The Bemidji area has been buried in snow over the last couple of weeks by two major snowstorms and several additional dustings. Most lakes now have about two feet of snow resting on about two feet of ice.
The ice conditions were excellent on the lakes before the snowy weather pattern developed towards the end of January. February has been one cold front after another.
The weight of the snow on the lakes puts downward pressure on the ice. Once the pressure is great enough to make the ice sag, water gets forced out of the cracks in the ice and also out of anglers’ ice fishing holes.
The pattern many anglers use when they ice fish is to “Swiss Cheese” an area, moving from hole to hole trying to locate active fish.
Anglers can flood an area when they drill holes on a pressure spot on the ice. The holes provide a pressure release to the water and can almost shoot out of the hole if the pressure is great enough.
Anglers should remember that resort owners get very upset when anglers drill holes on their plowed roads because they can flood the road. Anglers should always go well off the sides of the roads to fish.
When water pools on top of the ice it mixes with snow and creates slush. The slush eventually begins to freeze, which creates a double layer of ice that can trap any vehicle or snowmobile that ventures onto the wrong spot and breaks through the top layer of ice.
Vehicle traffic was still possible on the lakes until the most recent snowstorm. The ice is very strong this year, which should help minimize the amount of slush on the lakes, even with the heavy snow.
The 2012 gamefish season closes in Minnesota at midnight on Feb. 24. Most resorts and guide services with rental fish houses have been consolidating their fish houses closer to the accesses to avoid having to maintain the long roads on the lakes.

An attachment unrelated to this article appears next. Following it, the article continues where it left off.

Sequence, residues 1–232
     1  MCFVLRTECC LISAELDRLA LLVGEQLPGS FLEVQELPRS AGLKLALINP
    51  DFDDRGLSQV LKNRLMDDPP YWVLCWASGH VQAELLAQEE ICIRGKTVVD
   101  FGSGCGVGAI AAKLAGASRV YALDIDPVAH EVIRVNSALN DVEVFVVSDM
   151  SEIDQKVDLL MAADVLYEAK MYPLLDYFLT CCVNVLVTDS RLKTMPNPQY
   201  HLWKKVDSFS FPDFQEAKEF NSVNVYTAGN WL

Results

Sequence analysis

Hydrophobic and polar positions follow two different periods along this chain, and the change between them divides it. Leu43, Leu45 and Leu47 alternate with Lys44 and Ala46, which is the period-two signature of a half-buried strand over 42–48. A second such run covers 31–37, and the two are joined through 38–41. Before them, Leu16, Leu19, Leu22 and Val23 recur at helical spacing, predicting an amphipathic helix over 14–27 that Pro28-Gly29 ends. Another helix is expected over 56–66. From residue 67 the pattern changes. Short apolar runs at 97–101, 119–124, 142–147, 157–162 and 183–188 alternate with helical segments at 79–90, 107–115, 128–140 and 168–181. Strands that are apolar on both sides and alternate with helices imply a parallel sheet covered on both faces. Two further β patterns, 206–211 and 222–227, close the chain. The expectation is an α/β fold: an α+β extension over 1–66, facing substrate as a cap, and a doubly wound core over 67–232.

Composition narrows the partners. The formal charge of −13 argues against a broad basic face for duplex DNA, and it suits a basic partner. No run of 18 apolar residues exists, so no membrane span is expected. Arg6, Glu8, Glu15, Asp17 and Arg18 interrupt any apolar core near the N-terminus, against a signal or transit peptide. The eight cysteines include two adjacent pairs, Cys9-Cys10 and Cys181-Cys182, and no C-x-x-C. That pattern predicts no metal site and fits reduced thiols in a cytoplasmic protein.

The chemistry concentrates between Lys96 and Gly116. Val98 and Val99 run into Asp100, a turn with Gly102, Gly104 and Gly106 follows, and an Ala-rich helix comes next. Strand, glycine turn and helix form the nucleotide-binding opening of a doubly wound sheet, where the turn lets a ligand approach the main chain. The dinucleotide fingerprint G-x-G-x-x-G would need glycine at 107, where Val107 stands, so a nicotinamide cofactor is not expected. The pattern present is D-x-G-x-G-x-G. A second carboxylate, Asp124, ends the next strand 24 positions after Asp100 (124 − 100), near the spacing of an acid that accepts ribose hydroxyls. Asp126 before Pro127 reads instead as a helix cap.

Anglers wanting some relief from the mid-winter blues can head to Walker this weekend for the 34th annual eelpout festival, which is headquartered out of City Park on Walker Bay of Leech Lake. The festival runs continuously today through Sunday and features many exhibits and concessions, including pout nuggets.
The eelpout festival could be considered one of the first signs of spring because it celebrates the eelpout as they move shallow and become the first fish in the lakes to spawn each year.
Eelpout spawn under the ice in late February to early March. They spawn in communal groups on top of humps, points and mid-lake structure adjacent to the deepest parts of the lakes.
Eelpout seem to disappear during the summer months and are actually most active during the winter months. They can’t stand warm water so they head for the deepest parts of the lakes (and oceans) and become almost dormant during the warmest months of the year.
Eelpout are actually freshwater cod and are very similar genetically to the 24 sub-species of cod that live in the ocean. (A new sub-species of cod was just discovered in the Kermadec Trench north of New Zealand, which is 6.5 kilometers deep).
Eelpout are excellent table fare and have been referred to as “poor-man’s lobster”. They can be boiled or steamed with bay leaves, then dipped in butter or they can be deep fried in smaller chunks like walleyes.
Anglers can catch eelpout using similar tactics to walleyes. Large lures, big chunks of live bait, liquid scents and anything else that glows or rattles or can be pounded on the bottom will help get the eelpout’s attention.
Eelpout are aggressive feeders and will eat most presentations if they can find them. Because eelpout live in the deepest parts of the lakes where it is often dark, they have a more highly developed sense of smell. They also have no scales so they can feel vibrations in the water better.
Eelpout can see well but their other heightened senses allow them to feed effectively without the aid of sunlight and makes them one of the best night feeders in the lakes.
PAUL A. NELSON runs the Bemidji Area Lakes Guide Service. He can be contacted at email@example.com